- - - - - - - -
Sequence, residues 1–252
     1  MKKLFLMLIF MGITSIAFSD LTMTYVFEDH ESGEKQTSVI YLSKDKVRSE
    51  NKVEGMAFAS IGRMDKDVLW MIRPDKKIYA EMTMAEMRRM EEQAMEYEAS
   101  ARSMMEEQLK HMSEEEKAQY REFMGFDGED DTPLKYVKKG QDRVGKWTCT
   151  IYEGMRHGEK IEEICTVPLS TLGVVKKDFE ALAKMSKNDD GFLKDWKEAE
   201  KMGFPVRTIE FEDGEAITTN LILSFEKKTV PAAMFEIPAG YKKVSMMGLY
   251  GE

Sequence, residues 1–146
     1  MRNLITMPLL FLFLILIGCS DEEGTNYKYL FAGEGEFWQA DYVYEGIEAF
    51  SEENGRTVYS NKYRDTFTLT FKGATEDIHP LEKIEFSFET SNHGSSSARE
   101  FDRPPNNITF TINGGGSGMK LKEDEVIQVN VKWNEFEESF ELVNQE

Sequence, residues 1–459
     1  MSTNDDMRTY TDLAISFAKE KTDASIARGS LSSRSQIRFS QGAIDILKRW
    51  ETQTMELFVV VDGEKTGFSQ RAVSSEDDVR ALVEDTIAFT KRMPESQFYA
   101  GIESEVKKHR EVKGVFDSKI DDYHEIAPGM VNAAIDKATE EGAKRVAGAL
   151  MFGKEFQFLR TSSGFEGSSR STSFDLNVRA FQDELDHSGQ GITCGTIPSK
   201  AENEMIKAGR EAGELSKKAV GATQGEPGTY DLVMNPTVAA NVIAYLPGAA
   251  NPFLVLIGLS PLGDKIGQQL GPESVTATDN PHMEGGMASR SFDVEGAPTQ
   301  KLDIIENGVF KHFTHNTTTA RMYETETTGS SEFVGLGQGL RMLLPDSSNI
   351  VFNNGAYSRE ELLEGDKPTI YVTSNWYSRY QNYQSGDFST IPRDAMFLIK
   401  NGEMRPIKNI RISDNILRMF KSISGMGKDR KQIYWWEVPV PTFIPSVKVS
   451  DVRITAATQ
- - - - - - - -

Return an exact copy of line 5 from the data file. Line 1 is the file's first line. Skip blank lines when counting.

   151  IYEGMRHGEK IEEICTVPLS TLGVVKKDFE ALAKMSKNDD GFLKDWKEAE